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Kasigwa: Barefooted Uganda Cranes hero

Samuel Baker Kasigwa during the happier days

Samuel Baker Kasigwa during the happier days

Having been part of mainstream Ugandan football right from the early fifties, he is by and large the longest-living person in Ugandan football.

Yet for some reason, he remains on the fringes. Samuel Baker Kasigwa, 88, is the only surviving football player of the first Uganda Cranes side that toured the United Kingdom back in 1956. That Cranes side is famed for playing barefooted.

Unfortunately, Kasigwa is bedridden after suffering a stroke. Doctors at Hoima hospital diagnosed him with hypertension. He is currently bedridden at his late son’s home at Biina, Butabika parish along Lower Church road opposite the area mosque.
He needs help to seek treatment.

The Kasigwa I knew was talkative and ready to discuss football matters but this time, he had difficulty in talking. I used to talk to Kasigwa on phone from Masindi and reminisce the good old days. Kasigwa was never afraid to speak his mind, even if what he said wasn’t particularly favoured.  

Kasigwa was born to Ibrahim Zakibuga of Kisarizi, about 14 miles from Masindi town. Unfortunately, his father passed on before he was born. He was brought up by his mother Mary Nyakahuma who named him Kasigwa (means an orphan in Runyoro).

In an era when football was still spreading countrywide, Kasigwa was one of the youths who embraced the sport right from primary level, where he excelled as a forward. However, it was when he moved to Duhaga SS and Masindi Technical Institute that he took the game seriously.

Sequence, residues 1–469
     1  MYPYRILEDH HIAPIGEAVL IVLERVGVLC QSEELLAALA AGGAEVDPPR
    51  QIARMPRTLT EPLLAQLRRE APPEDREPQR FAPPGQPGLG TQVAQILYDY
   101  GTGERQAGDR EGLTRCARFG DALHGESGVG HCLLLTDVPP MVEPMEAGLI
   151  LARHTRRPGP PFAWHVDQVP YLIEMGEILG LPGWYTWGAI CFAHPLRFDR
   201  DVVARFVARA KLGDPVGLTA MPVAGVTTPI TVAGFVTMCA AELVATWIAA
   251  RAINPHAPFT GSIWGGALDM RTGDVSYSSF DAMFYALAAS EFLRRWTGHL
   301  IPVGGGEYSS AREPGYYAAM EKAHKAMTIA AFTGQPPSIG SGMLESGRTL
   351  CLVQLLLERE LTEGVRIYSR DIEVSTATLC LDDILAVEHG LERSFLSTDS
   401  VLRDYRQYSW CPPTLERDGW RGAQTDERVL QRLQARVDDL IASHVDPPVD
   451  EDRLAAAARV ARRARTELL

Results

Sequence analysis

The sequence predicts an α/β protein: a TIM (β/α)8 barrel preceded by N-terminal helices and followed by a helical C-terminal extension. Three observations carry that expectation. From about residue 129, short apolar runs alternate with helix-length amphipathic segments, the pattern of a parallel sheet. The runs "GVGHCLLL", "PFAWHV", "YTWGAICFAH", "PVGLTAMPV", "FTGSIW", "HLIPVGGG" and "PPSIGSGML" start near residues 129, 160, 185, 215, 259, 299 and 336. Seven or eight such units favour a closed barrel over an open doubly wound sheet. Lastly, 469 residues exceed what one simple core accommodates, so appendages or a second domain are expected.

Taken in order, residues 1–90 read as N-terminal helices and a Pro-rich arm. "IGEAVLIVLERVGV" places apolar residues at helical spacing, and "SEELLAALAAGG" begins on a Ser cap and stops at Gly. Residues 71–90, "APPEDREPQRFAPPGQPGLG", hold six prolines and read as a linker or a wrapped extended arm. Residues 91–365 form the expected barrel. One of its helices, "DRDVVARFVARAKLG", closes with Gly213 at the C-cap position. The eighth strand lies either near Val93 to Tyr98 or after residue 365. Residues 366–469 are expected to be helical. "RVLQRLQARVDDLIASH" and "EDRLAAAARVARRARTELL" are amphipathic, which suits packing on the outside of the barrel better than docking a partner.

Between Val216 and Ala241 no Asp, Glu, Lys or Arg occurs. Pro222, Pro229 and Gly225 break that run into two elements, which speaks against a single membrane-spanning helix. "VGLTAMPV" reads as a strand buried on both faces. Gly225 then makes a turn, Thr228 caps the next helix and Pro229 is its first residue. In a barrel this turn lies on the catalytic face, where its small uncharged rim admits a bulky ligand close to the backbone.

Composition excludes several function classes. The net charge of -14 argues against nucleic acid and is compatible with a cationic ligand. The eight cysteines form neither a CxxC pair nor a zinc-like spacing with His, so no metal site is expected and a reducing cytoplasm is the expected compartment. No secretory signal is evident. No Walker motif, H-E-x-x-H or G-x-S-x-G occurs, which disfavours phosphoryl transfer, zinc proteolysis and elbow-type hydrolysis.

He would later graduate into a highly-sought-after right winger and his exceptional skills saw him feature in the district team where he excelled and he was later picked to represent his province, the Western, in the inaugural Inter-Aspro cup in 1952 in Kampala.

He exploited the tournament fully and was selected in the Uganda national team which featured in the Gossage Cup where he excelled and became the national team mainstay.

The highlight of Kasigwa’s football career was the England tour in August 1956, where the barefooted Cranes played ten friendly games. It was the best thing to have happened to the life of any Cranes player at the time.

Kasigwa’s teammates on that England tour included Nafutali Musoke, Alfonse Temaligwe, Aloysius Kalibala, Sam Sebbowa, Gilbert Seruwagi, George Kamba, George Situma, Manase Owiny, William Anyua, Daniel Male Parma, Okot B’tek, Yekonia Odiya, Jimmy Sewava, Kefa Kiwanuka and Edward Semambo, among others. Sadly, all of them have since died.

England tour

In their opening game, the Cranes lost 0-10. Sensing danger, the Cranes played the nine remaining games of the tour barefooted and surprisingly, registered better results, which included defeating England’s Olympic team 2-1.

Kasigwa was part of the Cranes side at the 1962 Africa Cup of Nations in Ethiopia and established himself as the best right winger. His combination with Jimmy Sewava, Edward Semambo, John Bunyenyezi and Kong Odong was a joy to watch.

During a chat with me in 2011, the late Jimmy Bakyayita Semugabi described Kasigwa as “A little man with a big heart, his spirit and maneuvers in spearheading football attacks, he was full of heart and he was really an inspiration to some of us who played with him.”

By 1963, Kasigwa was in the evening of his career and retired from the national team though he remained active in club football which took him to clubs like Railways, Mutungo, Nsambya and Bitumastic. But perhaps of them all, Pepsi-Cola was the club he paved to fame and climaxing with the 1961 Luwangula Cup (now Uganda Cup) title at Wankulukuku stadium after defeating Kako E.A Flats.

After his playing career, Kasigwa got a job at Lint Marketing Board and turned to coaching; taking over Lint FC. He also coached Pepsi-Cola FC and Uganda Commercial Bank (UCB FC).

In early 1970s, Kasigwa fell out with his bosses at UCB and quit coaching. He returned to his native village in Kigaya, Kisarizi where he has stayed all these years.

bzziwa@observer.ug

The author is The Observer operations director.

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